Rain and sunshine
Distance: 86km riding. 250km in a car (through the night)
It was dry as we left in the morning, but flying down the mountain to the town the air was cold! It made me wonder about the Giro d'Italia riders who were riding at over 2500m in the snow just a week earlier. I started out with my light jacket on but as cold drops of rain began to fall we pulled over so I could put my warm jacket on and my shoe covers. What a difference they made! Now I felt warm I didn't mind riding in the rain.
We stopped for more terrific food - potato gozleme, salad, meatballs, bread and the best profiteroles I've ever eaten. As we sat there, wet, in the cold wind, we began to feel chilled. But it didn't take long back on the bike to warm up again.
Over the past few days we'd encountered some terrible roads - many were made of the rocky asphalt we'd hated so much in Australia, except much more coarse. Other roads had been ripped up for some future resurfacing. And others were full of potholes or terrible patching jobs. On this day we encountered all the above. On this day there was a stretch with a dirt road next to it, and we chose that as the better surface.
During the day Sam kept asking if there was anything wrong. He would check my bike - were my brakes rubbing? But it was just my tired legs taking their time to cover the distance.
In the afternoon the rain stopped and the hot sun returned. We rode into Ayvalik to find out we'd just missed that day's ferry to the Greek island of Lesvos (Lesbos), and would have to wait until the next night. We decided to hire a car and spend the next day at the ruins of the city of Ephuses, which we wanted to see but didn't have the time to ride there.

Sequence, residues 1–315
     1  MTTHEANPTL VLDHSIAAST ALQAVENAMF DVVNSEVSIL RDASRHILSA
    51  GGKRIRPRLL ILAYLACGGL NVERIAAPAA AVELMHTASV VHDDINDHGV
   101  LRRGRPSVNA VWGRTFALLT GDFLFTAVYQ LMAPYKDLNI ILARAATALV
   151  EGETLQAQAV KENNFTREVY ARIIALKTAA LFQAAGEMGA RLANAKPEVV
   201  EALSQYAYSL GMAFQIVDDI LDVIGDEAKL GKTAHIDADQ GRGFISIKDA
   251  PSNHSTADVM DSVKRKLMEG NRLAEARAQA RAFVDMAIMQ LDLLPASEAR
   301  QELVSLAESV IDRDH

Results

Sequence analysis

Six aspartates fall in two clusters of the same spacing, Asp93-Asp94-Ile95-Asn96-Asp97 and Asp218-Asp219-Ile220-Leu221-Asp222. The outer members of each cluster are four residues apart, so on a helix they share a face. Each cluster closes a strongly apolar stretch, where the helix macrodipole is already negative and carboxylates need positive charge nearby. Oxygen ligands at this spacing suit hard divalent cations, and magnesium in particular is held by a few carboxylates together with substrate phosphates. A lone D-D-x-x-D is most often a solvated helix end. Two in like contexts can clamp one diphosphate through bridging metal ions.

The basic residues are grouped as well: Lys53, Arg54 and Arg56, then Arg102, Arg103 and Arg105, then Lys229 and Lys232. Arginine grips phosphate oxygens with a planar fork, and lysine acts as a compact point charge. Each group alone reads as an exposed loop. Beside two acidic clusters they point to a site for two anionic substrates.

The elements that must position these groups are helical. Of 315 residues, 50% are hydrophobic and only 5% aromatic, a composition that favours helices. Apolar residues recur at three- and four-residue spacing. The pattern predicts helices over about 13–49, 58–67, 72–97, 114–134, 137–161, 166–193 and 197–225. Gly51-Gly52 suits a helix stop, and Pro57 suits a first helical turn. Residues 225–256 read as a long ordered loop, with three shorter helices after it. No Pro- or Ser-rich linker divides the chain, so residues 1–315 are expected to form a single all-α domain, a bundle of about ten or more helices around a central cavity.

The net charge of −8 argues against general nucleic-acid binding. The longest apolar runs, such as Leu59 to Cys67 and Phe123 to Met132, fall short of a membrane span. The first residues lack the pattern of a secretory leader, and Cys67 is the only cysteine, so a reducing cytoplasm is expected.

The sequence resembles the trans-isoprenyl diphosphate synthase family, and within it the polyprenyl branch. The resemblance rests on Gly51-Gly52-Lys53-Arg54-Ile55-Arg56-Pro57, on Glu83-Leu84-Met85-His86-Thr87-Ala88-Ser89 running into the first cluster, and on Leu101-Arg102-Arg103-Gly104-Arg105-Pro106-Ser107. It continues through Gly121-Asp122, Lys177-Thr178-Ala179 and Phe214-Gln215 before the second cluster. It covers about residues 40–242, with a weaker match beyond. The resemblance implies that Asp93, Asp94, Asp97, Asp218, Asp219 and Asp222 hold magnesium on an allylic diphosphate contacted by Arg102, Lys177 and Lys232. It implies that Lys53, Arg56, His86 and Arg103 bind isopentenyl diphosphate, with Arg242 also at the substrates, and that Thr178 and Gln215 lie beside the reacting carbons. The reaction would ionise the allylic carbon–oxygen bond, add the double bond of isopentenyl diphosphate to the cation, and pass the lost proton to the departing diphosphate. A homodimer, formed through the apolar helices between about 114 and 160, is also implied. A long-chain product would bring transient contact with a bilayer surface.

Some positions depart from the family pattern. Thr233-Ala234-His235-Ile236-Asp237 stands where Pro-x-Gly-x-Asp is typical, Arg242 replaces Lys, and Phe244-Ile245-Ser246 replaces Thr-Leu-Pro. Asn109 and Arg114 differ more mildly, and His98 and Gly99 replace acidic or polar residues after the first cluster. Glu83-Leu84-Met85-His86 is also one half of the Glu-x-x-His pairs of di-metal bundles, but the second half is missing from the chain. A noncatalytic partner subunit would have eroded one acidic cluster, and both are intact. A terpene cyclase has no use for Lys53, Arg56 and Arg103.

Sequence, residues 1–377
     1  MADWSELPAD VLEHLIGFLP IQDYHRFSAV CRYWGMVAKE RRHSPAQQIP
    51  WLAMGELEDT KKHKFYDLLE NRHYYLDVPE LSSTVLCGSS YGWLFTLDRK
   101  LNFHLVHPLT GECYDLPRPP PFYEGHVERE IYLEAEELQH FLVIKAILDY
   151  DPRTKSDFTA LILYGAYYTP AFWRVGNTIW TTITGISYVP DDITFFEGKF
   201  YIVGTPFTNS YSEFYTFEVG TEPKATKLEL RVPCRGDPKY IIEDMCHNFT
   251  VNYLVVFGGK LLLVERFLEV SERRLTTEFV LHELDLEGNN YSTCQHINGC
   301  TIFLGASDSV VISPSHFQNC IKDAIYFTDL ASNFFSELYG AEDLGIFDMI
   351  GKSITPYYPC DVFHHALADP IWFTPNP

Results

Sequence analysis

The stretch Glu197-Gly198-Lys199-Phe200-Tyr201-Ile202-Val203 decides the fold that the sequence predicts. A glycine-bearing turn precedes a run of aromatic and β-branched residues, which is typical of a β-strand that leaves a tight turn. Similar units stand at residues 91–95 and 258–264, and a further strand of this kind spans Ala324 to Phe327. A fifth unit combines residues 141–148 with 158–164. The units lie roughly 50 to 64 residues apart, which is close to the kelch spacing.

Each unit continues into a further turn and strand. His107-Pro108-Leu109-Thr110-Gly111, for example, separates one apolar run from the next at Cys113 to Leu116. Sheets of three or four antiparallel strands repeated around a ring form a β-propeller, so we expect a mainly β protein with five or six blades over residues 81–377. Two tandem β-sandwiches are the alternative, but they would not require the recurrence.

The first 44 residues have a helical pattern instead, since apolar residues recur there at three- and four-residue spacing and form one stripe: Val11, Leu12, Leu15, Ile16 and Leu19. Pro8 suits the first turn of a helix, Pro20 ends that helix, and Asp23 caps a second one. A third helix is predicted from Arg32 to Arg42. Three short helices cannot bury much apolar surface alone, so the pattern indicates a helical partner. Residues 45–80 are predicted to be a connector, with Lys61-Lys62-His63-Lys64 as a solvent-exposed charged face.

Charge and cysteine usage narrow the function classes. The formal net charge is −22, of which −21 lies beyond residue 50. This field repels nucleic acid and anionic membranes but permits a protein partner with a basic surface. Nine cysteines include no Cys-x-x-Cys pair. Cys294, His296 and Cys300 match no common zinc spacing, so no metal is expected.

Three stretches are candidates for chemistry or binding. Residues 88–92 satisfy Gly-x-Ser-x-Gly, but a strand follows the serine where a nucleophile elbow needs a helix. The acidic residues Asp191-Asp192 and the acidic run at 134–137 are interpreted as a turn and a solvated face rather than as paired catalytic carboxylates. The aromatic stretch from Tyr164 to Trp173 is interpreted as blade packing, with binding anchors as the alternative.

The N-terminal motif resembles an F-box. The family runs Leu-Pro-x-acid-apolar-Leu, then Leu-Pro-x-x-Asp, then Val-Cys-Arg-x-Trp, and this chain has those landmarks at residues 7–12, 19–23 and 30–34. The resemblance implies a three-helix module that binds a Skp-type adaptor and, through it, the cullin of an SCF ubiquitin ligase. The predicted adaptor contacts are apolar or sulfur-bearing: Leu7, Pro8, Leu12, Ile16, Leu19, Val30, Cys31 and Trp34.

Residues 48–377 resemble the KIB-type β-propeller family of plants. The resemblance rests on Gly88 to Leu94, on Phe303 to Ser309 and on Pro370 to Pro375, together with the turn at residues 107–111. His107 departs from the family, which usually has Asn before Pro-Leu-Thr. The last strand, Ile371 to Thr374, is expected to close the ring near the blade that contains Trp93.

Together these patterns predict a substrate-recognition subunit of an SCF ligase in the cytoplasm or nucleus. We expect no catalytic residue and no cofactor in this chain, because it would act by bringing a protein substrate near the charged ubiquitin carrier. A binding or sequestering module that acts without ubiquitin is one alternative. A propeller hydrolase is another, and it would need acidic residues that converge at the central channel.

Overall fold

Before leaving Ayvalik we had a swim in the cool ocean to wash ourselves. Just finding a spot to swim was a challenge though, as it was the first time Sam had driven a car (manual transmission) on the opposite side of the vehicle, on the wrong side of the road. Those first few minutes, trying to find somewhere in the city to park near the beach and swim, were quite stressful. But he quickly got the hang of it. As we were driving south along the coast we witnessed the most amazing sunset. Dark clouds still lingered but the pink hues shone through and we had to stop the car and admire the beauty of the sky.
That night we drove through the huge city of Izmir. It was quite an amazing sight - millions of lights covering the hills where the city was built around a bay. Unfortunately Sam didn't get to enjoy the beauty of the city as he was trying to follow some very confusing signs through a busy city. We wondered if this road trip was worth the hassle... To be truthful, we encountered the most aggressive and dangerous drivers we've ever come across. Maybe some of our readers have had similar experiences in foreign cities, let us know...
On the other side of the city we planned to stop and camp. But it was dark now, and we couldn't see anywhere to camp. So we kept driving.
We started going down some side streets into towns, but they were all lit up and we could see nowhere to camp. We were getting very tired. And very grumpy. Whose idea was this stupid road trip anyway?!
Eventually made it to Selcuk, the main town where Ephuses is. We had just decided to go to a hotel when Sam found a spot in an abandonded service station. Just as we settled in the tent the man from across the road came with flashlight and yelled at us in Turkish, peering in our tent, gesticulating wildly at us with his bright light in our eyes... but when he heard our tired English replies he let us be...
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Sam and Shanna Evans are from Melbourne, Australia